I taught a high school photography class last year at a charter school in Richmond… though most of the kids had cell phones with cameras and were fond of taking quick snaps of each other striking poses, few had been exposed to the idea of photography as art, or even the idea of Art itself.
I put together a handout for them that they begrudgingly plodded their way through, then promptly discarded as they raced out the door at the sound of the bell. What I realize now is that it was way over their heads. The idea of Art is a heady one indeed.
The definition I came up with after consulting various sources was this:
“Art is the process or product of deliberately arranging elements in a way that appeals to the senses or emotions.”
There was more to it than that, but that’s it in a nutshell. And if you agree with that definition, which I personally do, then all kinds of things can be considered Art. The “elements” one is arranging can be paint, paper, fabric, metal, concrete, words, one’s own body parts, the ingredients of a pie, a pocketful of pennies, plants in a garden, the list is really endless…
And what I’d like to focus on for the next couple of days are the gardens, specifically The Gardens at Lake Merritt. As I mentioned the other day, I truly feel that these are a little known secret that need to be exposed to the world. They’re fantastic and my pictures do not do them justice, as I was there during the not-so-pretty light of the middle of the day and was too lazy to go back and get better pictures later. Sorry.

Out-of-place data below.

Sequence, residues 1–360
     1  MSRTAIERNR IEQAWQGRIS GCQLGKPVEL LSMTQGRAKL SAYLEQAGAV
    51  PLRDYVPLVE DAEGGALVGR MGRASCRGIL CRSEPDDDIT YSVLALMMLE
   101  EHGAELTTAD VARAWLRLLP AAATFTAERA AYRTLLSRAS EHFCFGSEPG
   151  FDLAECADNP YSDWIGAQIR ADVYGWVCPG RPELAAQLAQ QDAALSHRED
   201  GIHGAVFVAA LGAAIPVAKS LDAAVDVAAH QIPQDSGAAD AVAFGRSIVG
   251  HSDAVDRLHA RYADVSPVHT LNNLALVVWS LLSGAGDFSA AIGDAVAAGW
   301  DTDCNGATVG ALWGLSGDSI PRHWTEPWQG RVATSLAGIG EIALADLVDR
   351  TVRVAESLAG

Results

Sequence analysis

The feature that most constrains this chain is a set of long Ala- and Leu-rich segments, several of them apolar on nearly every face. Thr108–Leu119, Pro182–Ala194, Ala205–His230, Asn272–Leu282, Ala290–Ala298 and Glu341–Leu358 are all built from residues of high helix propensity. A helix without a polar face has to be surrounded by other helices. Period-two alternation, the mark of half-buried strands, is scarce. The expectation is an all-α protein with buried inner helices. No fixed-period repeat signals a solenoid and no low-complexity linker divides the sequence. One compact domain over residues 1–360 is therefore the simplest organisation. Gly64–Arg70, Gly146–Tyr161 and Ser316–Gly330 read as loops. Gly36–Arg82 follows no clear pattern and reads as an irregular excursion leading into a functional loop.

The Gardens are a seven-acre collection of themed gardens… today we’ll look at the Asian gardens: Bonsai, Torii Gate, and Japanese.
The Bonsai Garden is Northern California’s only public bonsai collection and is home to over 200 amazing specimens, though they are rotated frequently, so generally around 50 are on display at any given time. This demonstration garden has some rather historic (and artistic) features including the oldest documented bonsai in the United States, as well as many viewing stones (suiseki), a dry waterfall and stream-bed, and an authentic Japanese garden gate (no nails or screws). The garden was developed and continues to be supported exclusively by volunteers and donations, so don’t forget to throw a few bucks in the basket, or better yet, donate some time (contact firstname.lastname@example.org).
Just west of the Bonsai Garden is the Torii Gate, a traditional Japanese gate commonly found at the entrance to Shinto shrines; it marks the entrance into a sacred space. The original Torii gate was a gift to the City of Oakland in 1969 from our sister city Fukuoka, Japan. Did you know we had a sister city there?? I didn’t. Fukuoka has many features similar to Oakland… it’s a port city, has a similar moderate climate, experiences occasional earthquakes, and is praised for its green spaces in a modern metropolitan setting.
The gate was rebuilt in 2002 to commemorate the 40th anniversary of the sister city relationship by the Oakland Fukuoka Sister City Association (OFSCA), which is dedicated to fostering and promoting cultural awareness, understanding, and friendship between the peoples and cities of Oakland and Fukuoka. For more information, please visit http://www.oakland-fukuoka.org.
Ok… you still with me?! There’s one more. It’s actually called The Japanese Garden, and is not immediately adjacent to these other two, so you’ll have to do a bit of exploring, but then again, that’s half the fun! The garden was built back in 1959 by members of the Japanese-American community under the direction of designer Hisaichi Tsugawa, and recently received some necessary improvements to the aging gate at the hands of local wood-working artist Jay van Arsdale and many of his students from Laney College. It’s quite lovely… please check it out.